The Conservatives appear to have learnt little from Labour on the dangers of making policy on the hoof. For British jobs for British workers, now read scrapping NHS Direct.
Yesterday health secretary Andrew Lansley backtracked on the plans in the face of stiff opposition and a mass petition – perhaps the first major national victory against a proposed service cut. Questions still exist over the future staffing and funding levels for the service, but it at least seems likely to continue in some form.
But no sooner was Lansley rolling back from his on-the-hoof policymaking than George Osborne was riding in to fill the breach, suddenly announcing an extra £4bn of benefits cuts for the unemployed, taking everyone surprise, and thoroughly annoying the Liberal Democrats.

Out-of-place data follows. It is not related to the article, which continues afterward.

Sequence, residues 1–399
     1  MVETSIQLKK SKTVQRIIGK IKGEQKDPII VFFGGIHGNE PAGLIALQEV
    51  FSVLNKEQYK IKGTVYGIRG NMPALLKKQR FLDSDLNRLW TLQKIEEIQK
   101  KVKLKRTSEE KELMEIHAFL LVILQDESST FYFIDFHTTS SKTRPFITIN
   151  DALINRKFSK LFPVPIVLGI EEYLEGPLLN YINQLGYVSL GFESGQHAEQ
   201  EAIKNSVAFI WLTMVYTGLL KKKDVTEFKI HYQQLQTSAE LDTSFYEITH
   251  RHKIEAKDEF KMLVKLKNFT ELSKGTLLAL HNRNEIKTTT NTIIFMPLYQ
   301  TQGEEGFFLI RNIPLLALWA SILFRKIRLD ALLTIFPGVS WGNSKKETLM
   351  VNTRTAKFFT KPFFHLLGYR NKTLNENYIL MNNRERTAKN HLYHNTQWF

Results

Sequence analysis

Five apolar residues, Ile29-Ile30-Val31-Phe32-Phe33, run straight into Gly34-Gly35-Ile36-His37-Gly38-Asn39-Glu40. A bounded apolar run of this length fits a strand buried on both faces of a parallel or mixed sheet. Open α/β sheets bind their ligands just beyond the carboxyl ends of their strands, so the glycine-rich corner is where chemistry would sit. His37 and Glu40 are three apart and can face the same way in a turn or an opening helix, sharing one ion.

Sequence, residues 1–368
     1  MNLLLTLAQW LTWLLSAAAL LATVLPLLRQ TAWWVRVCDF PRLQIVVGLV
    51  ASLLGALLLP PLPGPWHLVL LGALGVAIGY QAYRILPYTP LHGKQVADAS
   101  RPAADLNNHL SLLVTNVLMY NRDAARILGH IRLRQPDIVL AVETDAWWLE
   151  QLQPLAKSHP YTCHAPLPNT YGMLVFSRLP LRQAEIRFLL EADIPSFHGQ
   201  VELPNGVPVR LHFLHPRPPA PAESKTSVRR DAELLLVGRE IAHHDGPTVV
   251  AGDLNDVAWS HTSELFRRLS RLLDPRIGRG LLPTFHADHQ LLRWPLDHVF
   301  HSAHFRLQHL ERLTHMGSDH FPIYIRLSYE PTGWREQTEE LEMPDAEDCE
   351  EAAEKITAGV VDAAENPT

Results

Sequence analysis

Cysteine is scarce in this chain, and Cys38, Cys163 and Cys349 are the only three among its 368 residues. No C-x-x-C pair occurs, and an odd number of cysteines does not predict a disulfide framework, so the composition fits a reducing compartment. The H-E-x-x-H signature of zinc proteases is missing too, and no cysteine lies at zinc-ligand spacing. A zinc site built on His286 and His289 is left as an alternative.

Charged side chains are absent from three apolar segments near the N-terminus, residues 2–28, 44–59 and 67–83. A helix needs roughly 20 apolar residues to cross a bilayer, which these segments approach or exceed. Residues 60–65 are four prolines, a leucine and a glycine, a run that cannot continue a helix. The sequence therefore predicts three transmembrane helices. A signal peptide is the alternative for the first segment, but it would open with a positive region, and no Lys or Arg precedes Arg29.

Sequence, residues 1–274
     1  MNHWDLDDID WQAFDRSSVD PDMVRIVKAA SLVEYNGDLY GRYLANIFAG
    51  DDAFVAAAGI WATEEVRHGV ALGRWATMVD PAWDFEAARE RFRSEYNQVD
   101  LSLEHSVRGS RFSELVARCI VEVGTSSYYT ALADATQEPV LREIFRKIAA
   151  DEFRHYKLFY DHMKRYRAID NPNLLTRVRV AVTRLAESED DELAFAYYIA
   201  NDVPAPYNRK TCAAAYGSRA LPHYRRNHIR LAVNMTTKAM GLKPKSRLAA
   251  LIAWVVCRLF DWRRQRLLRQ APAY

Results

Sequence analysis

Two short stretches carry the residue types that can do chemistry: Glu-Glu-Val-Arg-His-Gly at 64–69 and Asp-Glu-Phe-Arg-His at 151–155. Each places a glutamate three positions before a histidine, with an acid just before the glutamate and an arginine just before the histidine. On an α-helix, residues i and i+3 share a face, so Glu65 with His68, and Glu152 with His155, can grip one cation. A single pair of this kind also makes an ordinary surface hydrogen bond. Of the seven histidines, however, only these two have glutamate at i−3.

The reasons why this makes no sense are sufficiently obvious and oft-repeated that I’ll just list them:
- there are precious few jobs for the jobless to go to
- Jobseekers Allowance is already pretty stingy
- the government seems rather less concerned by the vast sums lost to tax avoidance
But what makes this latest episode so extraordinary is how flimsy it is. It was announced with apparently minimal consultation with the Department for Work and Pensions or the Lib Dems.
The £4bn figure frankly seems to have been plucked out of the air. Can it survive as far as the October 20th spending review? Won’t it get torn apart and shot at by Osborne’s cabinet rivals behind the scenes? The likes of Iain Duncan Smith and possibly Vince Cable must be turning red with rage.
So should we get angry at the latest announcement? Count the days before the government performs another u-turn?
Or just sigh at the incompetence and illogicality of it all?